Kelley Stoltz sings through a bunch of crazy shit, and while he is insanely gifted and makes downright enthralling music, his grasp of gain structure is... well, "singerly" if I may. The KSM8 performed with aplomb despite the gauntlet of hellish pitch-shifting and swirling delay, getting only barely seared a few times. I was already impressed, but I was blown away when Greg Cartwright a.k.a. Greg Oblivian (who is also the frontman of Reigning Sound) sang the KSM8 through an Ampeg Jet guitar amp. We initially had some feedback issues, but I was shocked when I went onstage to troubleshoot, and I realized that the KSM8 wasn't the culprit, but it was the mic on the amp. The rejection control on the KSM8 seems almost adaptive — human even. When The Mummies finally took the stage, in their typical fashion, they were aggressively active — to say the least. The handling noise of the KSM8 was non-existent, despite all the manhandling of the mics. I kinda felt bad, since Nic was right there and watched these dudes abuse the shit out of the mics he lovingly brought to the gig a few hours before. I took the KSM8s home to High Bias Recordings after the gig, and they had nary a scratch or dent. If you know The Mummies, then you know this is a very durable mic!

Rachel Eve is a singer-songwriter from Detroit. She has been making music forever, but recently, she started working with caped wizards Heavy Color from Toledo. Ben Cohen and Sam Woldenberg of Heavy Color are two of the most intuitive musicians I've had the pleasure to record. They lend their special ebb and flow to Rachel's rock-solid songs. She's a beast on the rhythm guitar and a top-shelf vocalist. For the session, the emphasis was on laying a foundation with the trio, to be expanded upon later. Given the restrained nature of Rachel's guitar parts during live tracking, she was able to really open up vocally. In an effort to capture any magic moments as potential "keepers," we used the KSM8 for our scratch vocal. We routed it through a vintage Calrec PQ 1161 channel with its EQ bypassed, followed by a dbx 160 compressor. In a word — wow! We all prepare for and encourage those moments that give you chills; all you can do, really, is facilitate and hope. It can be devastating when this happens but the audio recording is not useable. Fortunately, the KSM8 did not disappoint us. This lady can sing, and hearing her through this mic was jaw dropping. I was reminded of the Shure SM7B [Tape Op #36], but with more top end and more rejection than an SM58! Somehow, the KSM8 was forgiving to singer movement, without sacrificing rejection; and while an off-the-floor scratch vocal may not be the most eloquent application for a mic, the KSM8 slayed as such. We liked the KSM8 live tracks so much that we used them as vocal doubles to complement the main vocals recorded later through an AKG C 12. Super cool!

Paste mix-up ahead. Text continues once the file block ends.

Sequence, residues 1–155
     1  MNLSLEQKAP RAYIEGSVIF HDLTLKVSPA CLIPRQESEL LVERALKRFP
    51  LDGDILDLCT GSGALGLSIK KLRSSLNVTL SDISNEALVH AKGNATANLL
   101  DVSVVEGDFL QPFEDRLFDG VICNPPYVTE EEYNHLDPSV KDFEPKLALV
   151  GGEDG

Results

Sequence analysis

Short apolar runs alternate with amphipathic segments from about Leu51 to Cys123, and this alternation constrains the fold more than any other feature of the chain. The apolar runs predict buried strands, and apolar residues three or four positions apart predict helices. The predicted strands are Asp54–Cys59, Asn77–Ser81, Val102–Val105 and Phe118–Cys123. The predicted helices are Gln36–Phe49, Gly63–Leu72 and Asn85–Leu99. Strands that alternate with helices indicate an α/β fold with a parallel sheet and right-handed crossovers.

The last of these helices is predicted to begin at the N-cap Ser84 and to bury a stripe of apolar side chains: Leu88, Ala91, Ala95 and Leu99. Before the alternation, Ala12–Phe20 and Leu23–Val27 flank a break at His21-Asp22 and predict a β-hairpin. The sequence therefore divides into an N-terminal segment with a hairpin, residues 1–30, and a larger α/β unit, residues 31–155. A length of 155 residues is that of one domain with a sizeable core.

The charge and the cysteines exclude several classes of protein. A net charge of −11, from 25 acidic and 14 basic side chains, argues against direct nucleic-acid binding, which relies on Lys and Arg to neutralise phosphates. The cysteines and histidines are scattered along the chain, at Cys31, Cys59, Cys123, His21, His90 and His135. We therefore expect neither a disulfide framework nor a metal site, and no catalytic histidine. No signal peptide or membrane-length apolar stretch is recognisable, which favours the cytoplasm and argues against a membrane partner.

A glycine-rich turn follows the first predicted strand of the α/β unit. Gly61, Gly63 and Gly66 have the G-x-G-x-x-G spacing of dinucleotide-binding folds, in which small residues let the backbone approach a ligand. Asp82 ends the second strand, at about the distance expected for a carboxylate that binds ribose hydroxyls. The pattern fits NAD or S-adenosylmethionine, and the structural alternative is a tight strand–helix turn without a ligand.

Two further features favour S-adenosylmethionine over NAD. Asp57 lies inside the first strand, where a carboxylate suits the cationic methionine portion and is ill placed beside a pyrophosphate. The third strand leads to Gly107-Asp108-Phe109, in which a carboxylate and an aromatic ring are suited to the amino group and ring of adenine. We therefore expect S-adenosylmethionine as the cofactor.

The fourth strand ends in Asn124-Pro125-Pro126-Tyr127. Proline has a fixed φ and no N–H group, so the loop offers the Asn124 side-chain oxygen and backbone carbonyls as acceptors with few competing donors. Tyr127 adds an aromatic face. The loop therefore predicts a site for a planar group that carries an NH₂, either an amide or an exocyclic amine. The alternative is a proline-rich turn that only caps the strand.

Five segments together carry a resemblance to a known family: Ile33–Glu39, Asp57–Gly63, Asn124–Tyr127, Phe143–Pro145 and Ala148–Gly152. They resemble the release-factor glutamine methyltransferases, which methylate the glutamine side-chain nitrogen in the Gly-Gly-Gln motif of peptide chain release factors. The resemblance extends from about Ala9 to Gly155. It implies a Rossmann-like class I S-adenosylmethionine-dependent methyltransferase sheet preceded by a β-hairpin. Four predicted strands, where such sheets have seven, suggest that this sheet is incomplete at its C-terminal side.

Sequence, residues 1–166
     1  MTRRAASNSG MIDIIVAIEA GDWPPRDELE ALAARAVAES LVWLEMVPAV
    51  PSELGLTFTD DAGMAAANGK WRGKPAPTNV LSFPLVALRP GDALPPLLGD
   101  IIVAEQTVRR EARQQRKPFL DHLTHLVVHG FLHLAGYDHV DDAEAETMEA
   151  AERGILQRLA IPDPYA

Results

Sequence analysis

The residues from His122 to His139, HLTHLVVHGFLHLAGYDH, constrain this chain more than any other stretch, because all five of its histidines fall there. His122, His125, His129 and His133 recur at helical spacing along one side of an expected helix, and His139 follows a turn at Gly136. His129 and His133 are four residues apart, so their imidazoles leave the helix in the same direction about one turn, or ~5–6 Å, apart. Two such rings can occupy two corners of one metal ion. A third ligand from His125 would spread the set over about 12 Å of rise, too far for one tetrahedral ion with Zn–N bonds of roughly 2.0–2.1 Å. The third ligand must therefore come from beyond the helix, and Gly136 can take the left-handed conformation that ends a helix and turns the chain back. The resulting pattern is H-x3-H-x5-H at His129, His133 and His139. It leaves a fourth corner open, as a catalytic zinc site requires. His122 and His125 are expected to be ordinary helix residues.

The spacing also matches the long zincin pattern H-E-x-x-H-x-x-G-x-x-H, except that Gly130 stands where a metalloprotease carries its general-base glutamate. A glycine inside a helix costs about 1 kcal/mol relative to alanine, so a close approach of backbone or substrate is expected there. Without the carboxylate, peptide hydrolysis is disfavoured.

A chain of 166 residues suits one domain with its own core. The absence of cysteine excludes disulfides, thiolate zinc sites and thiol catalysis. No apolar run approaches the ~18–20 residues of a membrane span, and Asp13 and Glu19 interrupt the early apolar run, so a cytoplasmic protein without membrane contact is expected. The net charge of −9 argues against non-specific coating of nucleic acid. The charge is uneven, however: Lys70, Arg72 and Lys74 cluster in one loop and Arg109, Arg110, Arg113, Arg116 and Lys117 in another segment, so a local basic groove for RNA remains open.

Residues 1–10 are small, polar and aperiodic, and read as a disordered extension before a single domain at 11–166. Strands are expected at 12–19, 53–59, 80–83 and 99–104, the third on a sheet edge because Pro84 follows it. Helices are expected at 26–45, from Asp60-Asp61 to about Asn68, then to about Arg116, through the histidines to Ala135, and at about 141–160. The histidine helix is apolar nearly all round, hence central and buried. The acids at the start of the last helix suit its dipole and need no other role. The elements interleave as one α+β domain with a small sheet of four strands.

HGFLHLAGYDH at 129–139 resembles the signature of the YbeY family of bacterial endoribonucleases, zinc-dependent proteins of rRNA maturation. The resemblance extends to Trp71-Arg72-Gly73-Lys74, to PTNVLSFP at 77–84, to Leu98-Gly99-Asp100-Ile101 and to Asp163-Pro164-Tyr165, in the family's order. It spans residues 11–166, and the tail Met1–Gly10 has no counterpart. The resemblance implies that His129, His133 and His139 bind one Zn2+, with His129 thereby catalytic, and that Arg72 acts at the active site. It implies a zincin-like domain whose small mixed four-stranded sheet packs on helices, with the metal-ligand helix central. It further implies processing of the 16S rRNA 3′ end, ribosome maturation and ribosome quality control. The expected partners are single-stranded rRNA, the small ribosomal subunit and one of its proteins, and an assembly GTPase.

We recently did a trial-by-fire project for High Bias assistant engineer Evan Michaels. He brought in local outsider enthusiast Andy Taub for this session. They tracked acoustic guitar and vocal as a bed for the songs, so we used the KSM8 on vocals. As before, the sound was immediate, without the KSM8 doing the thinning-out thing like an SM58 or Electro-Voice RE20 can. The vocal had a really nice, finished feel; and again, I was super pleased with the result. When I got back from record shopping that day, these dudes had recorded tons of stuff with the KSM8. I kept asking, "What mic is that?" Over and over, I received the same answer.

I have yet to find a voice or instrument — live or in the studio — that the KSM8 doesn't flatter. On electric guitar, it reminds me of the Sennheiser MD 409, but it's not fizzy in the slightest. On snare, it has a heft that is incredible, especially if you can saturate a transformer somewhere along the signal path. I recorded a bass with beautiful results, and immediately, the instrument was identifiable as a Fender Precision through an Ampeg B-15; and the track sat in the mix with no struggle. Moreover, I really love how this mic reacts to different preamp impedances — total premixing! It seems that Shure has thought of everything with this mic. And while I would say, "This isn't your dad's 58!" — the KSM8 certainly feels oddly familiar and classic while bringing some sonic (and mechanical) updates that make it a modern contender for tons of applications.

P.S. If you get a chance to unscrew the grille on one of these, the Dualdyne cartridge inside is downright gorgeous!

Tape Op is a bi-monthly magazine devoted to the art of record making.